This is shocking. According to a U.S. News & World Report analysis, certain states have few—if any—health insurance plans that offer benefits broad enough to protect individuals and families in the event of a major illness. Isn’t that the point of health insurance?
In conjunction with this report, U.S. News also released the Best Health Insurance Plans, an interactive tool featuring ratings and data on the nearly 6,000 health plans the publication analyzed. The Best Health Insurance Plans ratings cover all 50 states and the District of Columbia. The states are rated on scope of coverage for various services, such as hospitalizations, emergency room visits, prescriptions, and cost to consumers paid out of pocket. Plans available to both individuals and families received two separate ratings.
According to the analysis, Alaska and Washington had the lowest number of plans offering what U.S. News rated as four-star or five-star coverage — no more than 10 percent of the plans evaluated in either state. By contrast, all Massachusetts plans and more than 70 percent of those in New York, Washington, D.C., Maryland, and Virginia earned at least four out of five stars. The report found that while Massachusetts plans had among the highest premiums in the nation, about 45 percent of plans in that state fully cover (once the deductible has been satisfied) hospitalization, doctors’ charges during hospitalization, and imaging, offering patients greater protection against unexpected healthcare costs. The state also offers subsidies to help residents with household incomes below 300 percent of the federal poverty line pay for coverage.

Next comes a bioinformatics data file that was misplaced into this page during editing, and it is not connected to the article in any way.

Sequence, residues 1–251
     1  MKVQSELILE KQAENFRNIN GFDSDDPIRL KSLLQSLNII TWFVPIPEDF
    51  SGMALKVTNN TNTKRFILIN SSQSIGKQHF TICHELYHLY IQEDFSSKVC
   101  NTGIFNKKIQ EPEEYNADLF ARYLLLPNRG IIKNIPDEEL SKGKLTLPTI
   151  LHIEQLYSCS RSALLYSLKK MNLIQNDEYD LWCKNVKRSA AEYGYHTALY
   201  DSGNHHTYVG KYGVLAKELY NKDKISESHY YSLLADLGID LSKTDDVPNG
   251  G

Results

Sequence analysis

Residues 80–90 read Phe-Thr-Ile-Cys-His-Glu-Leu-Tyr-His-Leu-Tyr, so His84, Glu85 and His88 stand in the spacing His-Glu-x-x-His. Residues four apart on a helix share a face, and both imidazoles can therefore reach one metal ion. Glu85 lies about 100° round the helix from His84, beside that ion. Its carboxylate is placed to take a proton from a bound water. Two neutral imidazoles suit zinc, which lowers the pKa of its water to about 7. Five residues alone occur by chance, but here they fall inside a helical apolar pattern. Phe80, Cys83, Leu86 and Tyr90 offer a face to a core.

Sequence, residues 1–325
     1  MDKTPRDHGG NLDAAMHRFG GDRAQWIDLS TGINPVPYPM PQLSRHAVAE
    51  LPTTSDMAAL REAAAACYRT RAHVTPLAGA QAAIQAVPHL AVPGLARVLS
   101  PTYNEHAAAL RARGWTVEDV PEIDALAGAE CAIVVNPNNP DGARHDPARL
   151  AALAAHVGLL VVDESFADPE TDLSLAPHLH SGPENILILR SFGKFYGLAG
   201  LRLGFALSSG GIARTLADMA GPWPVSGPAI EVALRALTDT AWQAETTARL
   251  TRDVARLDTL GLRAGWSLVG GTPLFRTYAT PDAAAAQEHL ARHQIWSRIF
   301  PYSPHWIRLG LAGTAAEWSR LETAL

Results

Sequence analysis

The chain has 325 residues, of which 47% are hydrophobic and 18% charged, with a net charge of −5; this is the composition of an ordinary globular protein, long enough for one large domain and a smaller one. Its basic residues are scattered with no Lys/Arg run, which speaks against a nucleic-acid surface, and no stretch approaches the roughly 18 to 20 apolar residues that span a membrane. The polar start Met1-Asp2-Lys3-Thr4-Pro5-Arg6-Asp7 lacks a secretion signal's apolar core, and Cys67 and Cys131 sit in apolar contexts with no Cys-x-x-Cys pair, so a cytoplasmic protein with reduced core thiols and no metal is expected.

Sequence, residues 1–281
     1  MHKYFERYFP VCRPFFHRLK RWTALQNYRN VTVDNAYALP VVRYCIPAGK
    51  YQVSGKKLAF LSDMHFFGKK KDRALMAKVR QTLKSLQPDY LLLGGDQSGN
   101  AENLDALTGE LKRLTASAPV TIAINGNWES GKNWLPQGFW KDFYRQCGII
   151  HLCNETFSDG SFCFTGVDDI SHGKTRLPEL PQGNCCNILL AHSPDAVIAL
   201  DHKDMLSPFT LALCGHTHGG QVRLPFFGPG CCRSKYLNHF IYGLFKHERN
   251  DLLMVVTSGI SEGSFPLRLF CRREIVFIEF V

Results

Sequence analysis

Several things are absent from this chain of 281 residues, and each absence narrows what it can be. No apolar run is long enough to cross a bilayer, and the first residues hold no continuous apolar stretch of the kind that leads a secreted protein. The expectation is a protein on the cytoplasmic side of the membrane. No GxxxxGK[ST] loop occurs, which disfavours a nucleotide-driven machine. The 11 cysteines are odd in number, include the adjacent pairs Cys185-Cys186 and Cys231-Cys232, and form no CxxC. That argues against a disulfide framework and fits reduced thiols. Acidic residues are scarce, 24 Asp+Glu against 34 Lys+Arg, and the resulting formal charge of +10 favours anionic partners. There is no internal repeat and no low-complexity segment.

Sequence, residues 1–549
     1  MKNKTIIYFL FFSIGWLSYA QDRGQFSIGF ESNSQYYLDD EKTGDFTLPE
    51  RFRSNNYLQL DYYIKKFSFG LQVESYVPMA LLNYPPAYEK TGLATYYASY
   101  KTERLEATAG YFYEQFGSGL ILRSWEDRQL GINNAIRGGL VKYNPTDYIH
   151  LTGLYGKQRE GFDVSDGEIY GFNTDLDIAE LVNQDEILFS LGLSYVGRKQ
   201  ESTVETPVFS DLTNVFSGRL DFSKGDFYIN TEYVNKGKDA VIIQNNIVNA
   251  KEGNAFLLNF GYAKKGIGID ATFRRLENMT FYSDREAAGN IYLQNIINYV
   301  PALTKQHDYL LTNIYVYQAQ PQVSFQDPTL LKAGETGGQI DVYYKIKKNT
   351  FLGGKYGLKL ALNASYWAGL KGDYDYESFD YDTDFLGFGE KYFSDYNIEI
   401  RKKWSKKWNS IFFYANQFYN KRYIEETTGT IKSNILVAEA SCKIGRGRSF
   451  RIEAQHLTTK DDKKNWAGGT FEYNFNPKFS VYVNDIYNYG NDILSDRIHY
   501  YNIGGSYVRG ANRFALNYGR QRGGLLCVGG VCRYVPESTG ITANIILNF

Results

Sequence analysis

Hospitalization still remains costly. According to the U.S. News analysis, for a hospitalized individual whose care costs $20,000 and whose deductible is $2,700 (the national median), a 20 percent co-insurance rate could translate to more than $6,000 in out-of-pocket expenses.